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Optical Design & Engineering

Microscopy curriculum stimulates STEM excitement

Success stories from teachers show that STEM curriculum using the scanning electron microscope excites their students and improves academic performance.

3 December 2014, SPIE Newsroom. DOI: 10.1117/2.2201412.01

Scientists from the National Institute of Standards and Technology, the Food and Drug Administration's Forensic Chemistry Center, and the University of Maryland have teamed with Hitachi High Technologies, USA, to jointly develop and sponsor the educational workshops, "Microscopy for STEM Educators" at the SPIE Scanning Microscopies conferences over the last three years. STEM educators were invited to present their experiences regarding incorporating desktop scanning electron microscopes (SEM) into their curriculum.

They presented numerous success stories depicting how STEM curriculum has excited their students and resulted in significantly improved academic performance. In one example, according to David Menshew, STEM teacher in the Forensics Biotechnology Program at Enochs High School (Modesto, CA), "use of a tabletop scanning electron microscope has been a significantly beneficial addition to the curriculum and especially to the students' college applications," Menshew wrote.

"A high degree of engagement is evident across the student population, including the historically underserved. Students have been able to take the lead in their own investigations, and have used the SEM to connect core science topics to current issues in today's media. In addition, students in this program, according to published California State Testing and Reporting scores, tested well above their peers."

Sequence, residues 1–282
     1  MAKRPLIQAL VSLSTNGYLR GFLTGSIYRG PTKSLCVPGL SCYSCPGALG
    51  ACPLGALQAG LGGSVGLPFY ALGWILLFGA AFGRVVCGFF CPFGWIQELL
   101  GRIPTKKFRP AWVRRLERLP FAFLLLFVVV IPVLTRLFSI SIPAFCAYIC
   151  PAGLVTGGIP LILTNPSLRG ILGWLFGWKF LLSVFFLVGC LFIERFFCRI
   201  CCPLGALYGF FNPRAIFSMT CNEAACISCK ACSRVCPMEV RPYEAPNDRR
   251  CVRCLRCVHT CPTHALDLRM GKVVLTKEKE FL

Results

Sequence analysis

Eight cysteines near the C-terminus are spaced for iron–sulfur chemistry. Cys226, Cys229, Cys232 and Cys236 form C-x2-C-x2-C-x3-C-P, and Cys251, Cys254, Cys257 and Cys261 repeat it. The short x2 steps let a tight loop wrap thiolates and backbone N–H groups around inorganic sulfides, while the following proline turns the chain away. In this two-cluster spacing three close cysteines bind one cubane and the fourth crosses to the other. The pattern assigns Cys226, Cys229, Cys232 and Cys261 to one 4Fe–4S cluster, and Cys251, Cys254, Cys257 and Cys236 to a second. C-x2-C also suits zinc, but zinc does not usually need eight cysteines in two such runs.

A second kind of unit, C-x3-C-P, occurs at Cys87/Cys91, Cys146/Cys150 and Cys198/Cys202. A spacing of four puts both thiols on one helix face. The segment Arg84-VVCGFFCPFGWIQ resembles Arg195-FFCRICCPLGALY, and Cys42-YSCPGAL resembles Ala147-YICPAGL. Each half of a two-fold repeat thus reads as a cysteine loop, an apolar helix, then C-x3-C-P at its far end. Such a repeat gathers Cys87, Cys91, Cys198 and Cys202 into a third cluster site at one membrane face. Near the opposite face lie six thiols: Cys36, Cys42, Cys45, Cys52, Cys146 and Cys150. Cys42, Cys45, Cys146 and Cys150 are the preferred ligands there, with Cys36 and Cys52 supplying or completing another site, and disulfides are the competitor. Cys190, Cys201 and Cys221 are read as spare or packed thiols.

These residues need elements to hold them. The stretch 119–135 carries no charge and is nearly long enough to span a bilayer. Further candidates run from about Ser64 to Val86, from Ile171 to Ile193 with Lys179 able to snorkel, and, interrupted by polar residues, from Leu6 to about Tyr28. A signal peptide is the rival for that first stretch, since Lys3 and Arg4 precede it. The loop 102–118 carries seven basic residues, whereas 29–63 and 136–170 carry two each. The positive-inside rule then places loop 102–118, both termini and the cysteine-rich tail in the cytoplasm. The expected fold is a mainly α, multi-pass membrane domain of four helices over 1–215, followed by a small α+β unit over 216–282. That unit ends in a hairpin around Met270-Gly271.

A hands-on laboratory was included in all the workshops, which included a session with a commercial tabletop scanning electron microscope. Experts were also available to discuss instrument theory, operation, applications and sample preparation.

These workshops have been held over the past three years. They began at the Defense Security and Sensing Symposium in Baltimore and continued more recently at the SPIE Scanning Microscopies Conference co-located with SPIE Photomask Technology in Monterey, California, in September 2014. The STEM Workshop will take place again in Monterey in 2015.

The following papers describing student experiences with the SEM are freely available from the SPIE Digital Library:

Introduction to special session on microscopy for science, technology, engineering and math (STEM) Educators
M. T. Postek, M. Satterfield, B. Damazo, and R. Gordon

Integrating research and advanced microscopy into the high school curriculum
C. Queenan, A. Calabro, D. Becker

HTA educational outreach program and change the equation participation
R. Gordon

Bringing students to the mountain: developing partnerships to introduce students to cutting-edge research
A. Gillian-Daniel, R. Gordon, B. Taylor, J. McCarthy

Using the Hitachi TM 3000 in a middle school classroom
M. E. Wolfinger

Implementing STEM technology in a Title One middle school classroom
C. Holcomb

Integrating independent research into science curricula to foster STEM leadership
C. Queenan, A. Calabro, D. Becker

Teaching K-12 teachers and students about nanoscale science through microscopy
N. Healy

Using the Hitachi SEM to engage learners and promote next-generation science standards inquiry
D. E. Menshew

Integrating electron microscopy into nanoscience and materials engineering programs
R Cormia, M Oye, L Vencill, A Nguyen, D Skiver, M Shi; Y Torres

Project NANO (nanoscience and nanotechnology outreach): a STEM training program that brings SEM's and stereoscopes into high-school and middle-school classrooms
S. L. Cady ; M. Blok ; K. Grosse ; J. Wells